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3 Top Toronto Neighbourhood Restaurants

By MACRINA SMART

Actinolite’s dining room has no shortage of homey comfort

It has long been said that Toronto is a city of neighbourhoods, each one boasting its own unique personality. From the academic atmosphere of the Annex to the vibrant licentiousness of the Church-Wellesley Village to the relaxed, small-town temperament of the Junction, Toronto is made up of much more than its downtown.

The city’s dining landscape is just as disparate. There are, of course, the many high-end hot spots in the core—from Canoe to Nota Bene to Momofuku Daisho—and the edgier west-end restaurants—Grand Electric, for example—favoured by our trendiest denizens; slightly further afield, however, you can still find great food, beautifully decorated spaces, and inviting service in Toronto’s more residential pockets. These smaller neighbourhood restaurants offer a warm welcome on a cold winter’s night, and often provide excellent value for your dinner dollar.

In Midtown, Simple Bistro is particularly close to my heart. Nestled amongst the independent shops, cafés and other small eateries on Mount Pleasant Road, it’s a restaurant that embraces a food-friendly philosophy in a refined yet eminently comfortable atmosphere. The friendly service adds a little extra flavour to your meal, which itself is composed of French-influenced food prepared by a humble and agreeable chef. Dishes, like fall-of-the-bone beef short ribs, wild Atlantic diver scallops and coq au vin, are skillfully executed. For dessert, sugar-coated beignets are as sweet as the staff who prepare and present them to you. The entire, carefully crafted menu is offered at a price point that encourages repeat visits; dine here often enough, and you become like a member of the bistro’s tight-knit family.

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Table 17 features a similarly welcoming, though somewhat more boisterous vibe in Leslieville, a gentrifying east-end ‘hood that is now home to many young families. Here, chef John Sinopoli doles out a seasonal carte of European-inspired fare (the duck confit in particular is full of flavour). Sundays, traditionally a slower day for most restaurants, are anything but at Table 17: its $32 three-course table d’hote menu makes end-of-weekend dining an easy and popular choice. The establishment’s bar scene also adds to its cachet, as residents gather to sip on bartender Mike Morrow’s cocktails, which are considered to be among the best in the city.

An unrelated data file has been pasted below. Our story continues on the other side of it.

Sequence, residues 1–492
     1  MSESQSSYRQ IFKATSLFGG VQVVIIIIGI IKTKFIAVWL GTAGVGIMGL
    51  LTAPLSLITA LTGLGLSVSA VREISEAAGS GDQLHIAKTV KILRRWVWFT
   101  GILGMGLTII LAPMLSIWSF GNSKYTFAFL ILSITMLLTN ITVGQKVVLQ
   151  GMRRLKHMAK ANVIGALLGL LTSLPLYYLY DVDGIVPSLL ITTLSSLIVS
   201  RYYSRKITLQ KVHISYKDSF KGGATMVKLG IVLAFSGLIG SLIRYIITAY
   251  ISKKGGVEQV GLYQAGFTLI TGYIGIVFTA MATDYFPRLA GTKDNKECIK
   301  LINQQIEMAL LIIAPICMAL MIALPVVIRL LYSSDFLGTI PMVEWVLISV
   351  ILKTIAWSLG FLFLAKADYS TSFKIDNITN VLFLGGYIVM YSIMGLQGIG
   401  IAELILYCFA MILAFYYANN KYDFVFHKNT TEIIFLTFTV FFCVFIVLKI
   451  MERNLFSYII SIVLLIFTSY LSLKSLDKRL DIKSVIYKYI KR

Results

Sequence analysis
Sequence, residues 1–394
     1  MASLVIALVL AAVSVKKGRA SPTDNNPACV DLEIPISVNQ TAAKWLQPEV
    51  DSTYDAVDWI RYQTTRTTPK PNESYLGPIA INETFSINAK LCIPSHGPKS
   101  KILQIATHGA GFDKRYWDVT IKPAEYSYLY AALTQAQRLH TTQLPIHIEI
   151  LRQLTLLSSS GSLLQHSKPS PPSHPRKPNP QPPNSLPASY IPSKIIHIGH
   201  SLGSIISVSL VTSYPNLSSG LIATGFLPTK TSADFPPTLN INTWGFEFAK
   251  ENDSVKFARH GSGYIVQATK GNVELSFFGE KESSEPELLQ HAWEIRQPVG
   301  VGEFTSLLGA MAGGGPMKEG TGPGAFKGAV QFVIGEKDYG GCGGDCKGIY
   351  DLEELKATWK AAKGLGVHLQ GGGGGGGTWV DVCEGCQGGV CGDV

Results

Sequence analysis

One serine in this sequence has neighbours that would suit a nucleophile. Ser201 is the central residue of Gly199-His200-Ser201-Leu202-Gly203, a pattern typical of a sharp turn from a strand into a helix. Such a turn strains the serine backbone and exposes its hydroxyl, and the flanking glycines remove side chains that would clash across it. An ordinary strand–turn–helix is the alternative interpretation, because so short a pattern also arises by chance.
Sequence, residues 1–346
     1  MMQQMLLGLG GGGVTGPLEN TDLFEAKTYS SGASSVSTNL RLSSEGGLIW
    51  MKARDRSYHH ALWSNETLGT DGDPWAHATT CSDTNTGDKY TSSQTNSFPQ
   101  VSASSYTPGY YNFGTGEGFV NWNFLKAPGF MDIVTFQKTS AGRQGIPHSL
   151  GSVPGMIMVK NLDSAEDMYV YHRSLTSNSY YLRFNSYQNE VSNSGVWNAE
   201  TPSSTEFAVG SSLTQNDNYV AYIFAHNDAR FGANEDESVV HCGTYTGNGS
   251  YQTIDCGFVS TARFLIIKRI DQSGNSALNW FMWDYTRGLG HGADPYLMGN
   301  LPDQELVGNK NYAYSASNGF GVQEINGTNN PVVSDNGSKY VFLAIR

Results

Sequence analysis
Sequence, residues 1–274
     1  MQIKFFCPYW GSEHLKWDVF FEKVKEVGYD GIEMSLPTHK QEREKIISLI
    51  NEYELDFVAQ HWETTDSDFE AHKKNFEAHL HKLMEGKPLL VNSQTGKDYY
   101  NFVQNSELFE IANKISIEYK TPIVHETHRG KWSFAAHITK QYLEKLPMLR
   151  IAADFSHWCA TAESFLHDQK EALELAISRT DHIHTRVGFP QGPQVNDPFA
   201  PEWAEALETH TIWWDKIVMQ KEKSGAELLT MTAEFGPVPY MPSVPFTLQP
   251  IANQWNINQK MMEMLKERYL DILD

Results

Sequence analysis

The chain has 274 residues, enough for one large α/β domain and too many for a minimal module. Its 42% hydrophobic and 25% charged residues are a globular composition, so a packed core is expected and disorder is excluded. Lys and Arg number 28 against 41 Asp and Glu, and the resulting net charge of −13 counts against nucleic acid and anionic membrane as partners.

On the other side of town, the strip of Ossington Avenue between Queen and Dundas streets has become known for its numerous must-try restaurants and bars. Each has its own unique appeal, but arguably the area’s best boîte stands outside the main action. On an almost entirely residential stretch of Ossington north of Bloor, Actinolite recently became one of my favourite restaurants; I suspect many others have a similar opinion. The unassuming little dining room is both cheekily romantic—it glows with the light of candles set in tuna cans—and populist, thanks to an eclectic music selection. Chef Justin Cournoyer’s well-curated offerings are always attractive, regardless of your mood or the occasion. His locally focused dishes are semi-deconstructed takes on classics that will simultaneously satisfy and leave you wanting more.

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And that’s the bullseye for neighbourhood restaurants, isn’t it? Perhaps their culinary ambitions have been dialed back a little, and maybe their dining rooms haven’t been stuffed with furniture sourced by the most sought-after designers, but most of the time that doesn’t matter to diners. Most of the time we just want to feel welcomed—with good, honest food and friendly service—and welcome to return. Most of the time we just want to feel at home.

Featured in this article:

>> Simple Bistro, 619 Mount Pleasant Rd., 416-483-8933; simplebistro.com, map and reviews
>> Table 17, 782 Queen St. E., 416-519-1851; table17.ca, map and reviews
>> Actinolite, 971 Ossington Ave., 416-962-8943; actinoliterestaurant.com, map and reviews
 

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One response to “3 Top Toronto Neighbourhood Restaurants”

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